The Employee as the New Customer: a Strategy for your People

July 10, 2020 Focus area: Reinventing HR

Many corporate leaders advocate that employees are their most important asset. Our own colleague Beverley Fuller even states that the employee is the new customer (10-point mandate, 2020). So how is it possible that most organizations have a thoroughly formulated and extensively communicated business strategy while they lack having a people centered strategy?

We experience that most organizations want to make their employees a key priority but leadership struggles to achieve this. In this article we provide a 5-step approach to develop and execute a value driven people strategy.

One: Understand the business vision and strategy

Before developing your People Vision and Strategy, it is vital to grasp the organizational context. The overall business strategy should be formulated based on the past, the present and the future. Therefore, it is important to understand the organizational long-term objectives, which strategy is chosen to realize this and how the playing field of the organization is developing.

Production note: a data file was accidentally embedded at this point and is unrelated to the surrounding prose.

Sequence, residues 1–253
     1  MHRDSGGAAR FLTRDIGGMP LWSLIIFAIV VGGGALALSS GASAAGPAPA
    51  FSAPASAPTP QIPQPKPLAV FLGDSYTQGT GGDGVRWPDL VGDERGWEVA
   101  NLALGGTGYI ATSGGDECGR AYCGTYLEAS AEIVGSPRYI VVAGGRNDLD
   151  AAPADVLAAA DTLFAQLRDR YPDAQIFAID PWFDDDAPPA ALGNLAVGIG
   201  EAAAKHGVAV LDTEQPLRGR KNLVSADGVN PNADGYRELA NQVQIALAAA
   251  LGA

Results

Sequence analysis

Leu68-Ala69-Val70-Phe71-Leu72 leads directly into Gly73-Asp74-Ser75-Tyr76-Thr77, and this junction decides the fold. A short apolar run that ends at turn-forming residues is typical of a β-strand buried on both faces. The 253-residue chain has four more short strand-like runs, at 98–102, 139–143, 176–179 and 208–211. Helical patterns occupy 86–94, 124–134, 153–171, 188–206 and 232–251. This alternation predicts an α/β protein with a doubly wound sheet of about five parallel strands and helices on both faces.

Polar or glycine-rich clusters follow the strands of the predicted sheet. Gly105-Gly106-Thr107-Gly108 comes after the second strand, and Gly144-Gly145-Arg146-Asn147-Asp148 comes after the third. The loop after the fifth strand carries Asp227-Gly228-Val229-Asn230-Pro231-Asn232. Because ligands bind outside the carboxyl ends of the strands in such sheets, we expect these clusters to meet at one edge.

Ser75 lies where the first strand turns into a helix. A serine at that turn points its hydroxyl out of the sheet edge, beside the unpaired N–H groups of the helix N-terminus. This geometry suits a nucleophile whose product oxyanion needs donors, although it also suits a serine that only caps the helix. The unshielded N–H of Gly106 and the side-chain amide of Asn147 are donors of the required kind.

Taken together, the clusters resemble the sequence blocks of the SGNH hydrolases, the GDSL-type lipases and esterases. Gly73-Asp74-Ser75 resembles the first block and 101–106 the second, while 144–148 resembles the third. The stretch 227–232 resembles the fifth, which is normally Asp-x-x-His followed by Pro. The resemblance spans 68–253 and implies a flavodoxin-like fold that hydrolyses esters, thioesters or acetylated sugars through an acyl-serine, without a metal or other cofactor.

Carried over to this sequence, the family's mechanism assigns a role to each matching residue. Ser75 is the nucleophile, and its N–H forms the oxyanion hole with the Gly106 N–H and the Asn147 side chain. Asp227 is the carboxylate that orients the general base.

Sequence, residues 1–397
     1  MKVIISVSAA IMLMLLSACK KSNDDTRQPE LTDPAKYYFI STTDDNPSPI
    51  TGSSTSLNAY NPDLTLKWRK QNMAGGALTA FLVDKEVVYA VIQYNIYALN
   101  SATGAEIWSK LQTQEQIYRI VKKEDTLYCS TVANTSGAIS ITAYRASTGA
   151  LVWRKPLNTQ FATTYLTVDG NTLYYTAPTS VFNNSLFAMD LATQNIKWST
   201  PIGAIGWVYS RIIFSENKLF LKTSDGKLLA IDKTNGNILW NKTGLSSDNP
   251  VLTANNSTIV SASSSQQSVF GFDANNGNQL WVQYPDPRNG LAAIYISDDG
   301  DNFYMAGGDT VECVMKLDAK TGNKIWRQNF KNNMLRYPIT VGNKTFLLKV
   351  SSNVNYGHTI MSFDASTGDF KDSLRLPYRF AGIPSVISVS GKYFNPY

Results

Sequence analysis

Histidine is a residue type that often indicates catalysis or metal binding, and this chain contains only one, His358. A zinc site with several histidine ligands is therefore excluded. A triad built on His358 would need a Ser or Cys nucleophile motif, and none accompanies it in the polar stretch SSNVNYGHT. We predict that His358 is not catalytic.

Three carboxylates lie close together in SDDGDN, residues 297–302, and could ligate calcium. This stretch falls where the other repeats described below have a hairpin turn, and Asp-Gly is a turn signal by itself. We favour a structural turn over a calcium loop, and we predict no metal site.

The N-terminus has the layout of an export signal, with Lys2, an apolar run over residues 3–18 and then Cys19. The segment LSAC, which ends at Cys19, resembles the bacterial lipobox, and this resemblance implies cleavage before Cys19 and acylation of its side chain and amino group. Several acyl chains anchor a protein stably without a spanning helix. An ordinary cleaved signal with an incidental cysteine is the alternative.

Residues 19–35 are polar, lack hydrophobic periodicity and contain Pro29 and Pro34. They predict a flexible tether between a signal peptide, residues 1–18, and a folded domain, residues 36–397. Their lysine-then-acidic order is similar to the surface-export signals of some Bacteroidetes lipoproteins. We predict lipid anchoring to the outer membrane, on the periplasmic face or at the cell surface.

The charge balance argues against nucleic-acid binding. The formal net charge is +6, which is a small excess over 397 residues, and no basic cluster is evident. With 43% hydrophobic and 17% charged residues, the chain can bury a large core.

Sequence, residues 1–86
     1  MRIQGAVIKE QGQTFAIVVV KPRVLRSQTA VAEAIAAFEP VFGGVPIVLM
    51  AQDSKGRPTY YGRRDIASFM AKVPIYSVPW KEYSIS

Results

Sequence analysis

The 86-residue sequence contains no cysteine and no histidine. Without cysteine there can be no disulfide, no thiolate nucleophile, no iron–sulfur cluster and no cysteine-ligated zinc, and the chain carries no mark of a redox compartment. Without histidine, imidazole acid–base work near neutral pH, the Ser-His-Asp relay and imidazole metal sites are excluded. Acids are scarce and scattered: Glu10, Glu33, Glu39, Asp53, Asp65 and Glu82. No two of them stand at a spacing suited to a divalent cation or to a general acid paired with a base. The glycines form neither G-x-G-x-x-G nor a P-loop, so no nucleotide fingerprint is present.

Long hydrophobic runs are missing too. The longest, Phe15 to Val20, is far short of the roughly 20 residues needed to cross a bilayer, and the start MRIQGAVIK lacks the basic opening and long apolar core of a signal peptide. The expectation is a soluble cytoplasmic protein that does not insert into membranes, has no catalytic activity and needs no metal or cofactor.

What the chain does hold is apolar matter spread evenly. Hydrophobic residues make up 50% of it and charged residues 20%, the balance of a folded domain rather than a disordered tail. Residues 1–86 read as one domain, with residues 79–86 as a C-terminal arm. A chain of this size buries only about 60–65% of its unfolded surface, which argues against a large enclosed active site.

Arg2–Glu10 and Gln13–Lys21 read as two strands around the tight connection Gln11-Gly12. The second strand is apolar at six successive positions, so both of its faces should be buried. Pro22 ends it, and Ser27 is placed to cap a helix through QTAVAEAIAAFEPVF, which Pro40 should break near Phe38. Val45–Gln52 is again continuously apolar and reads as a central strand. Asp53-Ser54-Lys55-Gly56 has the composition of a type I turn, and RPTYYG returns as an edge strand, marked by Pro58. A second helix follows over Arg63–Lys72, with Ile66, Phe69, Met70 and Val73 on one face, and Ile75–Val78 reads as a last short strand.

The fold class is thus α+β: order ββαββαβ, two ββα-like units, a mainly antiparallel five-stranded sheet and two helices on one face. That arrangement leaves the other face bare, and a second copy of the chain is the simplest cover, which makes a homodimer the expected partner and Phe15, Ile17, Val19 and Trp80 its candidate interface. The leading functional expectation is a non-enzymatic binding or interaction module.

Both these internal and external factors are essential for HR to understand so they can define how they can contribute to, or even achieve, organizational objectives. Based on these objectives a people strategy is developed.

Two: Define the people strategy

As the people strategy must support the organizational vision and strategy it must most certainly also reflect the long-term ambition of HR. The people strategy sets the direction for all HR initiatives as attracting, motivating, developing, compensating of the (future) workforce.

In order to make sure that initiatives are aligned with the organizational (desired) workforce, organizations should determine who are business essential. After these identification and segmentation of key resources we suggest creating employee personas. Employee personas are a representation, a composite sketch, of employee segments. These give insight in the characteristics and needs of these (potential) employees and are useful for tailoring HR practices.

Personas are often created based on quantitative data as demographic information and performance ratings accompanied with qualitative data. Try to fully grasp their believes and motivations during deep dive interviews and conclude with validation workshops.